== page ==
Because captive parrots are exposed to the same plant-based diets as their wild counterparts, providing a clay block for parrots to detoxify their bodies could be beneficial.
Clay blocks offer the following health benefits for domestic parrots:
Source of Calcium
Providing your parrot with a healthy clay lick can increase its calcium levels. Many parrots are deficient in calcium because seeds and nuts contain little calcium.
Parrots struggle to eat dairy products because they don’t have the enzyme (lactase) responsible for digesting lactose. Calcium deficiencies are responsible for the following:
- Strong, healthy bones
- Muscle movement
- Nerve transmission
- Heart disorders
- Muscular pain and contractions
- High cholesterol
- Feather plucking
- Lack of coordination
- Poor eggshell formation
Larger parrots, like African grey parrots, macaws, and Amazons, need higher calcium levels. Therefore, they would benefit from a clay lick.
Parakeets also use clay licks in the wild, so it’s worth thinking about adding it to their diet, too. If your parrot needs a calcium boost, provide a clay block alongside a healthy, balanced diet.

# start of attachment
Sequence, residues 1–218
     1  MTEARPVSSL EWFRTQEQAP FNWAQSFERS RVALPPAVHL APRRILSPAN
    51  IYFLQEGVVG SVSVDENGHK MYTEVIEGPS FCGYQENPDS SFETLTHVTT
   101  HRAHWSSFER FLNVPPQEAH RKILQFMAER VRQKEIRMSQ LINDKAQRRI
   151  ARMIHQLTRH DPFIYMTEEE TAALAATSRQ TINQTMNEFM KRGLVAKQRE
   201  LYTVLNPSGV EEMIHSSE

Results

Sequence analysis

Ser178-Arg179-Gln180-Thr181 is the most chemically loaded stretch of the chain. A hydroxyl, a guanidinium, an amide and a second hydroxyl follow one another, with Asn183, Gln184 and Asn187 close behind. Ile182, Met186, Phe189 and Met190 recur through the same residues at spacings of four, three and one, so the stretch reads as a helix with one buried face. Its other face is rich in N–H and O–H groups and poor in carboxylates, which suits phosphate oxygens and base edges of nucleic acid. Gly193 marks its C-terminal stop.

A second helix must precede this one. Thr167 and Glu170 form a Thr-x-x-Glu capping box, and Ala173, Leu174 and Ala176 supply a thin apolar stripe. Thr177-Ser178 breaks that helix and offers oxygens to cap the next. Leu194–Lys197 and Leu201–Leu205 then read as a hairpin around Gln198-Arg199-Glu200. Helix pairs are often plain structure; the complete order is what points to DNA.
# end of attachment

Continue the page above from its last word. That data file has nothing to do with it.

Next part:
Pesticide poisoning can be fatal when parrots have been exposed to pesticides for prolonged periods.
Clay licks reduce the risk of pesticide poisoning by binding to the toxins and preventing them from being digested. Then, they get excreted before they cause health issues.
What Is The Best Clay For Parrots?
The safest clay for captive birds is bentonite clay for parrots, which is a clay that’s derived from nature and is highly absorbent. The best-known brand is Clay Cal Bentonite, which has the following benefits:
- Source of supplemental minerals.
- Toxic secondary compound absorption.
- Protects the gastrointestinal tract from chemical irritation.
- Increases the digestive system’s pH balance, promoting good health.
- Higher levels of calcium in the diet.
- Protects against harmful bacteria and fungi found in wooden shedding toys and perches.
- A healthier alternative to gravel grit for improved digestion.
Most owners provide bentonite clay by sprinkling a teaspoon onto their food. It works better on moist foods because the water absorbs the clay, improving the likelihood of consumption.
When parrots are injured, you can also place bentonite clay onto the wound to draw out toxins, reducing the chances of infection. It can help with minor cuts and scrapes, including bumblefoot.
You can also turn bentonite clay into a detoxifying drink. Using a non-metallic spoon, mix one teaspoon of clay with 125 ml of water. Allow the mixture to settle overnight, so the mud sinks to the bottom, leaving a milky substance known as “clay milk” at the top.
Feed this to your parrot in a shallow dish and change the water daily.